After the examination of patients using UF-CBCT, the images were evaluated by three radiologists with 4, 6, and 20 years of experience in abdominal imaging. They used a scoring system to analyze image data qualitatively based on tumor delineation, vascular contrast material perfusion, and appearance of artifacts on the cross-sectional images (Table 2). Readers were blinded regarding imaging protocols and associate parameters used for the study but they were informed the images were generated during TACE therapy procedure. The number of tumors which appeared on image data was assessed by the same radiologists. The hepatic tumors were classified as three categories during analysis based on its enhancement characteristics: hypoenhanced tumor, heterogeneously enhanced tumor, and homogenously enhanced tumor (Table 3). Moreover, quantitative image quality parameters such as Hounsfield unit (HU), image noise, signal-to-noise ratio (SNR = HU/noise), and tumor-to-liver contrast (TLC = HUtumor − HUliver) were also determined using the acquired UF-CBCT image datasets. Quantitative measurements were performed by the same radiologists according to the previous publications [2, 12, 14]. HU was measured using a circular region of interest (ROI) placed on the hepatic parenchyma away from the tumor for normal parenchymal measurements and on the tumor for tumor HU measurements. Diameter of the circular ROI used for measurement of HU was 2 cm; however, this mentioned diameter may change according to the size of the tumor during tumor HU measurements. Two ROI measurements were performed using adjacent CBCT slices and average value was taken into account for calculating mean HU values. A standard deviation of pixel values in the ROI circle was considered as image noise (HU). All measurements were performed using a dedicated syngo X-Leonardo workstation from Siemens Healthcare, Forchheim, Germany.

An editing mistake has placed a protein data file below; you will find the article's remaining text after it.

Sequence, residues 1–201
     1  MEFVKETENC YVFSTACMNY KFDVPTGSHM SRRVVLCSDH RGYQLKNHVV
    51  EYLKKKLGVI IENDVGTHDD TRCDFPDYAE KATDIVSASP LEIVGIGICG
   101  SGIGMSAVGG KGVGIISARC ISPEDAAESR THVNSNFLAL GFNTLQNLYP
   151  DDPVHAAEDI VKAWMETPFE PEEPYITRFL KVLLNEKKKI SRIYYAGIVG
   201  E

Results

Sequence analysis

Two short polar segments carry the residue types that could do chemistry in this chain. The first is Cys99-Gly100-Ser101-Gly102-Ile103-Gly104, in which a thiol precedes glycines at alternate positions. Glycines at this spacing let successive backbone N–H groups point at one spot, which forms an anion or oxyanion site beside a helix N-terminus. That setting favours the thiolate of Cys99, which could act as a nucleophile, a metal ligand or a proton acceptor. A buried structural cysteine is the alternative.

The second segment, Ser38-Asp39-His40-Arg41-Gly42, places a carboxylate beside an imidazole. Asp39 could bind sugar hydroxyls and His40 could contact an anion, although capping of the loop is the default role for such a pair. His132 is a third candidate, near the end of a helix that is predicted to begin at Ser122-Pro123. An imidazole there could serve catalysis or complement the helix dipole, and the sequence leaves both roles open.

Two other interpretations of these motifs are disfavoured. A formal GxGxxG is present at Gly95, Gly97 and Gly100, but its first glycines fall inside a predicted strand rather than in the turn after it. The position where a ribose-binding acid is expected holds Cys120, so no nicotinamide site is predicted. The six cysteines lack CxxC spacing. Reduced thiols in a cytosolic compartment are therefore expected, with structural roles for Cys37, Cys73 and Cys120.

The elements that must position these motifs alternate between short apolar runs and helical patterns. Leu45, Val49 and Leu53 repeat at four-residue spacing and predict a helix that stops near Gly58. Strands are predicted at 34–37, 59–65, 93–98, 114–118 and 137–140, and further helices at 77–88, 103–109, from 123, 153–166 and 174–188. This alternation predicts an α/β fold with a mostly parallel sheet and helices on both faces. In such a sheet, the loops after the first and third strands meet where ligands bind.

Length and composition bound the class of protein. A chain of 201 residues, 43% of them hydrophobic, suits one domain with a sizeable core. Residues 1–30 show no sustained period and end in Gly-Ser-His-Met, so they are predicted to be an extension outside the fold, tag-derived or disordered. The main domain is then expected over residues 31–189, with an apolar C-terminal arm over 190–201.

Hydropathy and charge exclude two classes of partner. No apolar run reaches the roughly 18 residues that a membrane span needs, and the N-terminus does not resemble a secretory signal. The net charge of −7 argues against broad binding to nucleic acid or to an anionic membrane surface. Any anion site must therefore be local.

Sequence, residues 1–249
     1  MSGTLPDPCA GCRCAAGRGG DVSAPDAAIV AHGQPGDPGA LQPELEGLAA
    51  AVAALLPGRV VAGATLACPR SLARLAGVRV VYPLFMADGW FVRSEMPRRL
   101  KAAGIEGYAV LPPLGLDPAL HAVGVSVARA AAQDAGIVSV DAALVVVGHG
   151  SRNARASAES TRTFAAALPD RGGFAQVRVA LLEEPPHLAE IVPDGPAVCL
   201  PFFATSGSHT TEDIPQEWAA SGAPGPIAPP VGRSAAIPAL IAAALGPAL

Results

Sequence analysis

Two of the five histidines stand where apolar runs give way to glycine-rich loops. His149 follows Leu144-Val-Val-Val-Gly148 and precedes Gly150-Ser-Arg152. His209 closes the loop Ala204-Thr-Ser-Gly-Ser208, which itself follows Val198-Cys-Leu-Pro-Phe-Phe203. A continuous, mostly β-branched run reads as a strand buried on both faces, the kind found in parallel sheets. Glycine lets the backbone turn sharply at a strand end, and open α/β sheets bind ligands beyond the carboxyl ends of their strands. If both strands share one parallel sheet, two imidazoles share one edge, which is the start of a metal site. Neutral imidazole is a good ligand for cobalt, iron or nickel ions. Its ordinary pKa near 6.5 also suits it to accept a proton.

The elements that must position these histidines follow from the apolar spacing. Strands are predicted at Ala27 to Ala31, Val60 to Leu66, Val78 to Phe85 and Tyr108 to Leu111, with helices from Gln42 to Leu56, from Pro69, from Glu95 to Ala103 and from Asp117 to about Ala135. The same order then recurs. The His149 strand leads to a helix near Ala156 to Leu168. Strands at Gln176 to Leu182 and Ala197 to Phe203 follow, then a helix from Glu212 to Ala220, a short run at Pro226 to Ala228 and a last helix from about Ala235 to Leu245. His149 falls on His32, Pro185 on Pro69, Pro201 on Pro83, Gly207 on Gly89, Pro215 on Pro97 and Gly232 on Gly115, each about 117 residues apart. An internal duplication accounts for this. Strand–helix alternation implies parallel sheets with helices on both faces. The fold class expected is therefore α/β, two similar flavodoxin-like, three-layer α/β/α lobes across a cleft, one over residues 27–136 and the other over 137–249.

2.7. Patient Dose Analysis

Two radiation dose parameters, dose area product (DAP) and patient entrance dose (PED), were obtained during exposure from the patient examination protocol generated on the UF-CBCT system [10]. Calculated values were compared using the data available in the literature.